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Ukraine Aims to Retrieve Crimea Through International Court

Published: April 3, 2014 (Issue # 1804)



  • The Peace Palace in The Hague, Netherlands, which is the seat of the International Court of Justice.
    Photo: Yeu Ninje / Wikicommons

Ukraine is planning to file a lawsuit against Russia at the International Court of Justice over the annexation of Crimea, the country's foreign minister said.

"We consider Crimea part of Ukraine, we are planning to file lawsuits in international courts against Russia and against Russia's actions in Crimea," Ukrainian Foreign Minister Andriy Deshchytsia said at a press conference following a meeting with NATO in Brussels, RIA Novosti reported Tuesday.

"We believe that with international support, we will be able to get Crimea back to Ukraine," Deshchytsia said.

The foreign minister said that the lawsuit would be filed at the Hague-based International Court of Justice, the United Nation's main judicial body, though he did not specify when it would be submitted.

"We are gathering documents now, it may take some time," Deshchytsia said.

Justice Minister Pavlo Petrenko said Ukraine also planned additional legal action to demand compensation from Russia for scrapping a slew of agreements on the Russian Black Sea fleet's presence in Crimea, Ukrainian news agency UNIAN reported.

The State Duma voted on Monday to approve President Vladimir Putin's bill to abolish three bilateral agreements with Ukraine on the Black Sea fleet's status and the conditions of its stay in Sevastopol in light of the recent annexation of Crimea.

Ukraine will continue to recognize the agreements, Petrenko said, adding that it would demand that Moscow continue providing price discounts for natural gas supplies in exchange for renting the Sevastopol naval base.

Western governments and Ukraine refuse to recognize the Crimea referendum that paved the road for the annexation of the peninsula last month. A UN General Assembly resolution denouncing the referendum as illegal was adopted with an overwhelming 100-11 vote last week.





 


ALL ABOUT TOWN

Friday, Oct. 31


Put your grammar and logical thinking to the test in a fun and friendly environment during the British Book Centers Board Game Evening starting at 5 p.m. today. The event is free and all are welcome to attend.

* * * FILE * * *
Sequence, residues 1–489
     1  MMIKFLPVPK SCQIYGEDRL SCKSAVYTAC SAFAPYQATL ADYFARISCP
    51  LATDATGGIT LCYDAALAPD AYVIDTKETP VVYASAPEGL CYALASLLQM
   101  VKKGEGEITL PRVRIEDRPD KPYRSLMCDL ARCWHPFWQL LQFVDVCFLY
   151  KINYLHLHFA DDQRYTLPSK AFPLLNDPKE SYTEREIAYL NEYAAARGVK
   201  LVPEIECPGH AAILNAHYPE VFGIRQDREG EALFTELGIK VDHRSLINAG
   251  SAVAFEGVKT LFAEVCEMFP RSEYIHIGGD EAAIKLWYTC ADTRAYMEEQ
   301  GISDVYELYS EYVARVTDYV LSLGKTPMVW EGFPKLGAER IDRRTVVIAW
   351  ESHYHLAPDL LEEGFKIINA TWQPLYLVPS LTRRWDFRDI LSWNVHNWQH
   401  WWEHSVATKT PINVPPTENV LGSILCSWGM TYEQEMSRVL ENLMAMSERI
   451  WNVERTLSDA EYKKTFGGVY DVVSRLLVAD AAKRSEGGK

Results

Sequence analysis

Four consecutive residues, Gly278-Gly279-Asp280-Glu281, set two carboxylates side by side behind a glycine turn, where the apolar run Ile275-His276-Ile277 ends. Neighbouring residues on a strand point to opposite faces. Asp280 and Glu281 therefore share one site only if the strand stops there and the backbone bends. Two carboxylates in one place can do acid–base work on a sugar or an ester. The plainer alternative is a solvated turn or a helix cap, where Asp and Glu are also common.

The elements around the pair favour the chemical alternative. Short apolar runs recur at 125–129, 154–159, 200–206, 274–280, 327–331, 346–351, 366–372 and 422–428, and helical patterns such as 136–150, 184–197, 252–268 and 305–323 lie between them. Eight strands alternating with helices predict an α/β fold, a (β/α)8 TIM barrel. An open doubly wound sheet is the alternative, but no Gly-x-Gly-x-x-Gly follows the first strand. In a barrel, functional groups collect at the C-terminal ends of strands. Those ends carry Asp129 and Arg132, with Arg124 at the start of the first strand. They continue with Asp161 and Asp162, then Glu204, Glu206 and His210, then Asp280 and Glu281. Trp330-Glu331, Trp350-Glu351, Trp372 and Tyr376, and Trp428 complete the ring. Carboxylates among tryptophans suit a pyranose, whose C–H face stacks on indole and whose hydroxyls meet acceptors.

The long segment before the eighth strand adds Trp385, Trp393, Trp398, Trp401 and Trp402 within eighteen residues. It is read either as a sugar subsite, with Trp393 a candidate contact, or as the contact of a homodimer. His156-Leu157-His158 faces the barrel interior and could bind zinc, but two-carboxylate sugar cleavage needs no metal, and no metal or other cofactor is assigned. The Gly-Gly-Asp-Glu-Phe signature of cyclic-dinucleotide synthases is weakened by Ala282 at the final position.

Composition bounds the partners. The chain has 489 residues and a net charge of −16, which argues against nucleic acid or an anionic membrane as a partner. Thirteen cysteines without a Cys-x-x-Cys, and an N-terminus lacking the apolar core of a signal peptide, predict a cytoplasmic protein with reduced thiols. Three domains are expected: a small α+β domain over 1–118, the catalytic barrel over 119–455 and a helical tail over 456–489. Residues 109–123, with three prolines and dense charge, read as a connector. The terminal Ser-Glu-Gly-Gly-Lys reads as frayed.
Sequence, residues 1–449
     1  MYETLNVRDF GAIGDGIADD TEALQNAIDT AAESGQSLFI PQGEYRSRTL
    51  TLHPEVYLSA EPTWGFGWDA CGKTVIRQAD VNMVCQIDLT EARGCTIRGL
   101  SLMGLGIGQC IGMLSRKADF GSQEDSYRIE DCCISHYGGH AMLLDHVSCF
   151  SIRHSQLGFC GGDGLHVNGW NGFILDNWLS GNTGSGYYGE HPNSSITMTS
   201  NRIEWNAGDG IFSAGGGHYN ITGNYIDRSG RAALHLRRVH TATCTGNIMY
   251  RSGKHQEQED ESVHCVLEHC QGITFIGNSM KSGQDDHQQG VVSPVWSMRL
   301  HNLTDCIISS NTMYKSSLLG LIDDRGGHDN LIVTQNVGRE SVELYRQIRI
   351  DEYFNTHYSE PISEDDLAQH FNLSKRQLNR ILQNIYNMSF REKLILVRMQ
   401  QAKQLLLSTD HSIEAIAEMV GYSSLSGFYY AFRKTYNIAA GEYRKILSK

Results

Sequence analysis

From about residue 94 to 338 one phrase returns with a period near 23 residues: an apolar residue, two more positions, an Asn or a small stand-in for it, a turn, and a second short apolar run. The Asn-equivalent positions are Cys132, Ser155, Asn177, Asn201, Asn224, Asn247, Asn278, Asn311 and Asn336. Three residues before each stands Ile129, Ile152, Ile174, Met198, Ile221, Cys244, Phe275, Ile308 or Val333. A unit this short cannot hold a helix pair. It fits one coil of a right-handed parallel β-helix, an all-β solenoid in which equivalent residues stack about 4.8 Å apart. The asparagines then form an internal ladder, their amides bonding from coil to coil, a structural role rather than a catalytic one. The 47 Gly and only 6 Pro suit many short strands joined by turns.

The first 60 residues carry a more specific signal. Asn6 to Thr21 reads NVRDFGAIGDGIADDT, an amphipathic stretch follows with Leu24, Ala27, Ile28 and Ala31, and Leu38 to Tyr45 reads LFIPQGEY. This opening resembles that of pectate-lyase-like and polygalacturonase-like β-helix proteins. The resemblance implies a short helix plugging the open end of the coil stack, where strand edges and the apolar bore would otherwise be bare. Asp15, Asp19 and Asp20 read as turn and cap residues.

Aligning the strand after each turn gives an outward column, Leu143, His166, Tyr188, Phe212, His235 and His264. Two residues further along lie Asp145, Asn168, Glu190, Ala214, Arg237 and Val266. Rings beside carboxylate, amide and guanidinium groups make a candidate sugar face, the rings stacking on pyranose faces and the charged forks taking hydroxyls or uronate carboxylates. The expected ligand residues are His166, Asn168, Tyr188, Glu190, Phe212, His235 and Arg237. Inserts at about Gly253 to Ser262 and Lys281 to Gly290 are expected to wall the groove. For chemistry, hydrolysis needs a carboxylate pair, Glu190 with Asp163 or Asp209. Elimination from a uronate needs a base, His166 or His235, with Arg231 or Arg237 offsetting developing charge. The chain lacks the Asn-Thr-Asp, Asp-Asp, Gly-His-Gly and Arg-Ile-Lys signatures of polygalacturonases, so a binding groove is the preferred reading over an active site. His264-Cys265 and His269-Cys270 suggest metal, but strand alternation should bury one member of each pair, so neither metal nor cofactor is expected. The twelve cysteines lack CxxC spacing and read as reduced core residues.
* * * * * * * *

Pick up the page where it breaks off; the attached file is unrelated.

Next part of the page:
Saturday, Nov. 1


The men and women who dedicate their lives to fitness get their chance to compete for the title of best body in Russia at todays Grand Prix Fitness House PRO, the nations premier bodybuilding competition. Not only will men and women be competing for thousands of dollars in prizes and a trip to represent their nation at Mr. Olympia but sporting goods and nutritional supplements will also be available for sale. Learn more about the culture of the Indian subcontinent during Diwali, the annual festival of lights that will be celebrated in St. Petersburg this weekend at the Culture Palace on Tambovskaya Ul. For 100 rubles ($2.40), festival-goers listen to Indian music, try on traditional Indian outfits and sample dishes highlighting the culinary diversity of the billion-plus people in the South Asian superpower.



Sunday, Nov. 2


Check out the latest video and interactive games at the Gaming Festival at the Mayakovsky Library ending today. Meet with the developers of the popular and learn more about their work, or learn how to play one of their creations with the opportunity to ask the creators themselves about the exact rules.



Monday, Nov. 3


Non-athletes can get feed their need for competition without breaking a sweat at the Rock-Paper-Scissors tournament this evening at the Cube Bar at Lomonosova 1. Referees will judge the validity of each matchup award points to winners while the citys elite fight for the chance to be called the best of the best. Those hoping to play must arrange a team beforehand and pay 200 rubles ($4.80) to enter.



Tuesday, Nov. 4


Attend the premiere of Canadian director Xavier Dolans latest film Mommy at the Avrora theater this evening. The fifth picture from the 25-year-old, it is the story of an unruly teenager but the most alluring (or unappealing) aspect is the way the film was shot: in a 1:1 format that is more reminiscent of Instagram videos than cinematic art. Tickets cost 400 rubles ($9.60) and snacks and drinks will be available.



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